Named Project 156 after the amount of turns at the Pikes Peak International Hill Climb, the second video discusses the engine and the difficulties faced with naturally aspirated motors due to the altitude changes during the ride to the top. Perhaps Victory will next enter their Brammo powered electric bike next time?

 

Are Victory Going to Release An Electric and ICE Sportsbike?

Victory today announced that it is entering the Isle of Man TT with what looks like a rebadged Brammo Empulse RR electric sportsbike. While it’s not surprising to see Polaris, the owner of Victory Motorcycles who bought Brammo earlier this year make quick use of their new toys, it certainly is surprising to see a Victory badged electric sportsbike make an appearance.

It was heavily rumored that Victory would be the beneficiary of Brammo’s electric technology after Polaris’ purchase of the firm. Most speculation however pointed to an electric powered Victory cruiser that would be designed to steal Harley-Davidson’s thunder away from their Project Livewire concept. Victory trademarked the name Victory Charger earlier this year, too.

That may still happen but it seems that it will be an electric sportsbike, rather than an electric cruiser that first wears the Victory badge in showrooms. But there’s now also a strong possibility that an electric sportsbike will be joined by a traditional internal combustion engine powered machine, too.

Late last week, Victory announced a collaboration with Roland Sands Designs called Project 156 which will see them build a racebike to compete in this years Pikes Peak Hillclimb. There seems almost no value in Victory engaging in such a publicity campaign when all they sell is cruisers, unless something is coming out soon.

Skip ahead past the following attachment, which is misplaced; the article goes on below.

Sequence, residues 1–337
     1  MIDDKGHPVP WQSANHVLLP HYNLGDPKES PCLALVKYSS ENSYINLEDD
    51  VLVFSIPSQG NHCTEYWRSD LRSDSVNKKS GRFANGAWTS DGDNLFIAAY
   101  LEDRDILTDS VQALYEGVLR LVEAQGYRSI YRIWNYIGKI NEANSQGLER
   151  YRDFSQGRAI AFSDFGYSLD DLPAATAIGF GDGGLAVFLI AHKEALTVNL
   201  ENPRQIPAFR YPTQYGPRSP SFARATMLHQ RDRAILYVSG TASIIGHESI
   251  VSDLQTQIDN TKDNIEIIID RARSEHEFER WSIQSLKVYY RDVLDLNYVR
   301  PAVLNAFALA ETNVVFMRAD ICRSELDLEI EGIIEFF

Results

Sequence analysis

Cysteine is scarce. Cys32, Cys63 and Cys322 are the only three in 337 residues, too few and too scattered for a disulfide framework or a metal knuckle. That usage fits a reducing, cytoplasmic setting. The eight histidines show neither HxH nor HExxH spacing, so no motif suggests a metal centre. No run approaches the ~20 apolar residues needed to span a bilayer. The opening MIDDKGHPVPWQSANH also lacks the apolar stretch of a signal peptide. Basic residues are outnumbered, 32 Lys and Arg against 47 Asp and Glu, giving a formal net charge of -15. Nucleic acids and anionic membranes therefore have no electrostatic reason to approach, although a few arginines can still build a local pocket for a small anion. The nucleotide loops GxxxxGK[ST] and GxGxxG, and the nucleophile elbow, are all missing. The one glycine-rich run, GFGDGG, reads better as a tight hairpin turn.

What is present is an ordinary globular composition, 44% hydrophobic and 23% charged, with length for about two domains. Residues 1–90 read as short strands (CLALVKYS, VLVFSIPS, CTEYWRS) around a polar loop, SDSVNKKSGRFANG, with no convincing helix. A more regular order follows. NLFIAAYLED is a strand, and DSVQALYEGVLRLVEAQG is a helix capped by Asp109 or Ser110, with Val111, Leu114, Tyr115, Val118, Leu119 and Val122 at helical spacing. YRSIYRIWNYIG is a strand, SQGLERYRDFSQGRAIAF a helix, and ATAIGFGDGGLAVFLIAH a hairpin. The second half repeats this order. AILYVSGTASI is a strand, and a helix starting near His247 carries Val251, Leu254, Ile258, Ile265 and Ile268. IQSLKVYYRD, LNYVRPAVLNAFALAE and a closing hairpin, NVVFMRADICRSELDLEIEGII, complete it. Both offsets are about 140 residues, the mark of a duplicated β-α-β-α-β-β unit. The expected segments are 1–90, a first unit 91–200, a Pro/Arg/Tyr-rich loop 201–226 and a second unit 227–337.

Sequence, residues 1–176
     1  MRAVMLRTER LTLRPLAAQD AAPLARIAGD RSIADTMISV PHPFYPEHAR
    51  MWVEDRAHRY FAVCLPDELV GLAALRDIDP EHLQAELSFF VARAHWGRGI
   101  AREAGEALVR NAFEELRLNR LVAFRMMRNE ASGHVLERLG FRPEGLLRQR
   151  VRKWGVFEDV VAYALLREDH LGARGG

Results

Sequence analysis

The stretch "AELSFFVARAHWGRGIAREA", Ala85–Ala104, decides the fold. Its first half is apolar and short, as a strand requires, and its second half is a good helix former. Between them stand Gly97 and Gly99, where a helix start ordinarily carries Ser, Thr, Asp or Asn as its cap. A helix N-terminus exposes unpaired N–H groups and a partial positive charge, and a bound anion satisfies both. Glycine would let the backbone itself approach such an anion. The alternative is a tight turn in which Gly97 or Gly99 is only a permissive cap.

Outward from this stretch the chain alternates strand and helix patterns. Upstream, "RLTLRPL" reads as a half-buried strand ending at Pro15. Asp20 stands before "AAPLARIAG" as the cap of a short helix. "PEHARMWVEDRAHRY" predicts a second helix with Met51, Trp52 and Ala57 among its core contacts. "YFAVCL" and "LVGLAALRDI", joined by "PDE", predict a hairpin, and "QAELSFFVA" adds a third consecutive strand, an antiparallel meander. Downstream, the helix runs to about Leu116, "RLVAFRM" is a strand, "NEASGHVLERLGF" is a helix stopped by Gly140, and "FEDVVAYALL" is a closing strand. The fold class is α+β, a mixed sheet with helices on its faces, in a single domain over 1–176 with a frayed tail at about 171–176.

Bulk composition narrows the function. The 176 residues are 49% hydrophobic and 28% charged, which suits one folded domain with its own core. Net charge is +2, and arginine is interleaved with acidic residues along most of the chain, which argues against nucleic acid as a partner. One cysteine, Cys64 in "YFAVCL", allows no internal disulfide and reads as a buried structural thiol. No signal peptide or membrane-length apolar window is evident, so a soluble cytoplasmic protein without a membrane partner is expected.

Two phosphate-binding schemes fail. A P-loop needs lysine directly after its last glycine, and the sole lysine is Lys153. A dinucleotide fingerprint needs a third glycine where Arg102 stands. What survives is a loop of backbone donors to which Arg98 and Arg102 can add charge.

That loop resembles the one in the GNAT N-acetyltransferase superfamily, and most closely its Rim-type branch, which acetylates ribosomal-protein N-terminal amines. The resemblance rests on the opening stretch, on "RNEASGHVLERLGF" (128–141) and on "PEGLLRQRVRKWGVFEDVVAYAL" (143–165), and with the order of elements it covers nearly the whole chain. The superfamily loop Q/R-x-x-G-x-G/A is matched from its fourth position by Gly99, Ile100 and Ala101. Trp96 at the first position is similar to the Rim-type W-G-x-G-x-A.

And what engine will this bike use? Victory doesn’t want anyone to know at this stage and in the first video released for Project 156, all shots of the engine were blurred out to hide what it is. That would point to an all new engine and there’s no motorcycle company on Earth that would spend money building a brand new power plant for a one off ‘show bike’.

Are Victory Going to Release An Electric and ICE Sportsbike?

What’s hiding there?

Victory was established in 1998 by Polaris Industries who saw an opportunity to compete with Harley-Davidson. While to date Victory has not ventured from this (its range consists of V-twin engined cruisers and tourers), there’s no reason why they couldn’t branch out into sportsbikes.

It makes even more sense as Polaris has Indian Motorcycles in its portfolio – a brand with real history that resonates with many motorcycle enthusiasts wanting something other than a Harley-Davidson. By pivoting Victory towards sporstbikes, it fills a gaping hole in Polaris’ product offering. While we don’t expect Victory to cease building cruisers and the like anytime soon, there seems little doubt that Victory is going to start the next phase of its journey this year.

 

Polaris Reports Record First Quarter 2015 Results

Polaris Industries Inc. today reported record first quarter net income of $88.6 million, or $1.30 per diluted share, for the quarter ended March 31, 2015, an increase of nine percent from the 2014 first quarter net income of $80.9 million, or $1.19 per diluted share. Sales for the first quarter 2015 totaled $1,033.3 million, which represents an increase of 16 percent from last year’s first quarter sales of $888.3 million.